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I Got 99 Problems, but Google Ain’t One

Tuesday morning, Google announced that they were making search more secure. This change has affected Google search data not only for KISSmetrics, but for all web analytics services, including Google Analytics. I’ll fill you in on what’s changed, what it means for reported data and business owners, and how to move forward.

How will this impact analytics data?

Let’s break down Google’s blog posts.

1. Signed-in Google users will be redirected to

“…we’re enhancing our default search experience for signed-in users. Over the next few weeks, many of you will find yourselves redirected to (note the extra “s”) when you’re signed in to your Google Account.”

While Google mentioned that this will only affect a “minority of traffic”, I believe that this actually affects a large population due to the prevalence of Google products. I am constantly logged in to my Google account…whether it be using Gmail, Google Docs/Calendar/Reader, Google +, or even YouTube. I can imagine that many small business owners may have a Google business account in addition to a personal account.

So what’s the big deal about changing signed-in searches to https?

2. Signed-in Google user search terms will no longer be available.

“When you search from, websites you visit from our organic search listings will still know that you came from Google, but won’t receive information about each individual query.”

KISSmetrics, along with many other analytics solutions, offers search term data so that marketers, product managers, or webmasters can improve their website experience for users. Business owners can tap into keyword data to figure out if certain terms led to increased traffic or conversions. This is no longer possible for users who perform searches while signed into Google.

KISSmetrics will no longer receive search term data from only signed-in Google searches because Google is no longer reporting this data, not even in Google Analytics.

Google's Changes to Web Analytics and Search Terms

KISSmetrics will still be able to report search terms data on users who use other search engines i.e. Bing, Yahoo, Ask, AOL, etc.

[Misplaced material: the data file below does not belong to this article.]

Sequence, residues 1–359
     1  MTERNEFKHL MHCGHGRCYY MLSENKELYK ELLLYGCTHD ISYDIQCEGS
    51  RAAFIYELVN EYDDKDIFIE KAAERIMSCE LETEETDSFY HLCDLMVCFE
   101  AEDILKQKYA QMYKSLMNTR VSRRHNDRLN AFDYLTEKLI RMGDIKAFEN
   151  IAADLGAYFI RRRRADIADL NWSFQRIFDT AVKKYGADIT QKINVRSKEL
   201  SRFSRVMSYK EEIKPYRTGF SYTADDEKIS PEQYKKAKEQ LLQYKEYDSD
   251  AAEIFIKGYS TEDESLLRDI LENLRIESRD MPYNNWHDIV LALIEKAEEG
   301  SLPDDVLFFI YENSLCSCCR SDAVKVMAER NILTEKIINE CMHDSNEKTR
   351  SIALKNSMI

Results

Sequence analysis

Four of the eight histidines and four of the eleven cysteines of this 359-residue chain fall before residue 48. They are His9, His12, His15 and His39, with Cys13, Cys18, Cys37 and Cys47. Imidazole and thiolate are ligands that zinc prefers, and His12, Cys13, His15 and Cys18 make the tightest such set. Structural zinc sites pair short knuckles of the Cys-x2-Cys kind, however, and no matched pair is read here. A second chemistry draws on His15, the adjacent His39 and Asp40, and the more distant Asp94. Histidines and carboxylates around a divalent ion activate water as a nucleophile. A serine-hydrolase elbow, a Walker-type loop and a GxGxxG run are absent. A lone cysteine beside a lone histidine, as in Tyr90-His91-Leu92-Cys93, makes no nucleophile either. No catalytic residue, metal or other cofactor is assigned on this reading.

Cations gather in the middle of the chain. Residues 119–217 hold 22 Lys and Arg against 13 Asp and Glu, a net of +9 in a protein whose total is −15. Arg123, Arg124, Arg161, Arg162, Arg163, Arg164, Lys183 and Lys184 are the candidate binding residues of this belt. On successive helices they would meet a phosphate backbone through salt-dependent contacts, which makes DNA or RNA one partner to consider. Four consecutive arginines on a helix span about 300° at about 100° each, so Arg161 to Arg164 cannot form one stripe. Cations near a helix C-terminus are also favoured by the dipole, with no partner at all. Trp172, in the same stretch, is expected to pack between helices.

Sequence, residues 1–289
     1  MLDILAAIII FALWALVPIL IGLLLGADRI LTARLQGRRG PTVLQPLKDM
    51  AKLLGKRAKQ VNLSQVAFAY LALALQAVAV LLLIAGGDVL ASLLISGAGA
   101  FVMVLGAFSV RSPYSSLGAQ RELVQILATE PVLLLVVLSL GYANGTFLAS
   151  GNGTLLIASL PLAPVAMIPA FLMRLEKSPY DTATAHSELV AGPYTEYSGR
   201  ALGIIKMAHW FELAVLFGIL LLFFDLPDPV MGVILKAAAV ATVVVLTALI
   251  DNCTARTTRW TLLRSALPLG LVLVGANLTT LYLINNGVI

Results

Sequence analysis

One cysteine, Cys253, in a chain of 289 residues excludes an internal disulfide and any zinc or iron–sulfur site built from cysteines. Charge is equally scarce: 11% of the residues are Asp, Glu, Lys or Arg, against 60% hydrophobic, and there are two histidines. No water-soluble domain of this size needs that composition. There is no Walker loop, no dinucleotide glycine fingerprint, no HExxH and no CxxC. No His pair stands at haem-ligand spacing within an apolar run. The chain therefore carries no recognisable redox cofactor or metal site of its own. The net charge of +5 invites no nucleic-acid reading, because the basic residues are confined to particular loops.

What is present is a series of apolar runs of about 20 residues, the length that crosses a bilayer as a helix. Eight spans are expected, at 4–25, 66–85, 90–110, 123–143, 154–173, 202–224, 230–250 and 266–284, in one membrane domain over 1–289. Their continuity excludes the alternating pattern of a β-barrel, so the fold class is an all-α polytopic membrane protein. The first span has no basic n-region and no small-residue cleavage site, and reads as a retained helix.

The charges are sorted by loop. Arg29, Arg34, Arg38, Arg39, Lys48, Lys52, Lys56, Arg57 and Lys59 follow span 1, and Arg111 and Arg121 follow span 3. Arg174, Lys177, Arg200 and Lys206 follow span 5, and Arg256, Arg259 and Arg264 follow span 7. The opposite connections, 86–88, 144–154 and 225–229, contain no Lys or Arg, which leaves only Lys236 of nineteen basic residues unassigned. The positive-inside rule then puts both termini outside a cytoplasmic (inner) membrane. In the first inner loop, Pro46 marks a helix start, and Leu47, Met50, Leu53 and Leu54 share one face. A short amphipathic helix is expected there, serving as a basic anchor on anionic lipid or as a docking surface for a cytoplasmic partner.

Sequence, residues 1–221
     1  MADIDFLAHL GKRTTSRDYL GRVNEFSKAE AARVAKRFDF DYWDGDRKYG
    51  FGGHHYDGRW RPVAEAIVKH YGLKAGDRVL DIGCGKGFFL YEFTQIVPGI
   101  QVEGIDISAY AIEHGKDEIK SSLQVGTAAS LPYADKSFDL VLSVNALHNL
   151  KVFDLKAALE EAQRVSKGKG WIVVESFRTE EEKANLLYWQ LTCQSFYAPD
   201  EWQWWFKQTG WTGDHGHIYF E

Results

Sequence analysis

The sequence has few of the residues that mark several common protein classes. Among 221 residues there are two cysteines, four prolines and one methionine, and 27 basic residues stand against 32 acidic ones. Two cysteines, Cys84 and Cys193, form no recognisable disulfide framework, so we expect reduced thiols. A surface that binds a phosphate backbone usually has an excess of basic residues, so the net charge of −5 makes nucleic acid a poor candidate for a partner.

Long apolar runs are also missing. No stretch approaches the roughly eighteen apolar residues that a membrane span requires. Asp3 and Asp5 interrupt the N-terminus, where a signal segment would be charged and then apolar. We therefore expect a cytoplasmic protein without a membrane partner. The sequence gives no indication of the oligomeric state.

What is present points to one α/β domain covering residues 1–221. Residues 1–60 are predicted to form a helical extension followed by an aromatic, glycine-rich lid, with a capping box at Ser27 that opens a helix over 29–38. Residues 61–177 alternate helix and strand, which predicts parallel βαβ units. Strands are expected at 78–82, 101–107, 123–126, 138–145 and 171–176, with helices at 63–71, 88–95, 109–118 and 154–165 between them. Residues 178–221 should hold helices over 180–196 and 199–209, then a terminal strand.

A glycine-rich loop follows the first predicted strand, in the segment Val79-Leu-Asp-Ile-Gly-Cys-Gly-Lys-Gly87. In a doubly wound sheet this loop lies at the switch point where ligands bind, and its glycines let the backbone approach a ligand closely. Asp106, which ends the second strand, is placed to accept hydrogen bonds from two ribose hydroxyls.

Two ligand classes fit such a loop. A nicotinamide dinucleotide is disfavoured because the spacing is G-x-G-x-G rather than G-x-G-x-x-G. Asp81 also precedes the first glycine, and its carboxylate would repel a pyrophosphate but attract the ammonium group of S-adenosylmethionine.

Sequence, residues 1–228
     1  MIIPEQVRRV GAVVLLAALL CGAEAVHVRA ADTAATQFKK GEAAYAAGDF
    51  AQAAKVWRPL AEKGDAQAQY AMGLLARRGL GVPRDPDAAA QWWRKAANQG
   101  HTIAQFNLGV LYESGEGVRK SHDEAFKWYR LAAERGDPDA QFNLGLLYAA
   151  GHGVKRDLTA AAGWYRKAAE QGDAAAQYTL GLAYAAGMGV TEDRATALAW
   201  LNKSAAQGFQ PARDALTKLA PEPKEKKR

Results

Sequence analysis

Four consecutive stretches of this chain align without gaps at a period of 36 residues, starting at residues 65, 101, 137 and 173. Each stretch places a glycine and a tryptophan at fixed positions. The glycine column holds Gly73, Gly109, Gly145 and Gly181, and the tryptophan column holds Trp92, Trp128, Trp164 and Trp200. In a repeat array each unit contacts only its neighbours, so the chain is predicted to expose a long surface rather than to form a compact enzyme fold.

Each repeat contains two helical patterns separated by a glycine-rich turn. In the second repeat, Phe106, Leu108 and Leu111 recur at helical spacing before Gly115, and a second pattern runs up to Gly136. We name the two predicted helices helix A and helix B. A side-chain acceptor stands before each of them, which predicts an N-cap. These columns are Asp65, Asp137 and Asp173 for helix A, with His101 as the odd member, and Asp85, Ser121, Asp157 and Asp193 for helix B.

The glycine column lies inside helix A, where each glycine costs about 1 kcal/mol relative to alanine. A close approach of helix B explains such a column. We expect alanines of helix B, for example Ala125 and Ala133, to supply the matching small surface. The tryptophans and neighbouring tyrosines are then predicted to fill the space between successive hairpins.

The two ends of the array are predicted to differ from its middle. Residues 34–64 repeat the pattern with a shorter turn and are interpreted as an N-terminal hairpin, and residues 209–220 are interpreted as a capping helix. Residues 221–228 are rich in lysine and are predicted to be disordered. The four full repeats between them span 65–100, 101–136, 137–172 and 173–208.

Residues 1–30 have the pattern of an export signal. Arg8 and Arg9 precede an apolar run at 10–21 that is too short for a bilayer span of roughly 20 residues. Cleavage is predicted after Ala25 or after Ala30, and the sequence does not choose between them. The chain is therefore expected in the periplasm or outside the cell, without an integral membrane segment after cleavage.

Google Search Changes Analytics

KISSmetrics will still be able identify that traffic is coming from Google, but search term data will now be shown as None or Not Provided. Again, this only affects searches that come from signed-in users.

3. Advertiser networks will still be able to see search term data

“If you choose to click on an ad appearing on our search results page, your browser will continue to send the relevant query over the network to enable advertisers to measure the effectiveness of their campaigns and to improve the ads and offers they present to you.” 

Google claims that any paid search data (AdWords) is not affected. Google will still report search term data on advertiser networks or Pay Per Click campaigns so you can measure performance for the terms you are paying for.

How will this impact business owners?

These changes undoubtedly make it more difficult for business owners to identify keyword performance or do SEO. Without informed keyword data, it would be hard to figure out what content is driving traffic to your site.


Let’s say you had a Media business that publishes news, editorials, and blog posts. Your “Ultimate Guide to Analytics” page increases readership by 20% from users who perform a Google Search for “analytics guide”. The same page converts 10% of customers who perform a Google Search for “101 analytics”.

A savvy marketer/product manager/webmaster would want to build a better experience or optimize SEO for that page so that “101 analytics” would also convert nearer to 20% on a Google Search.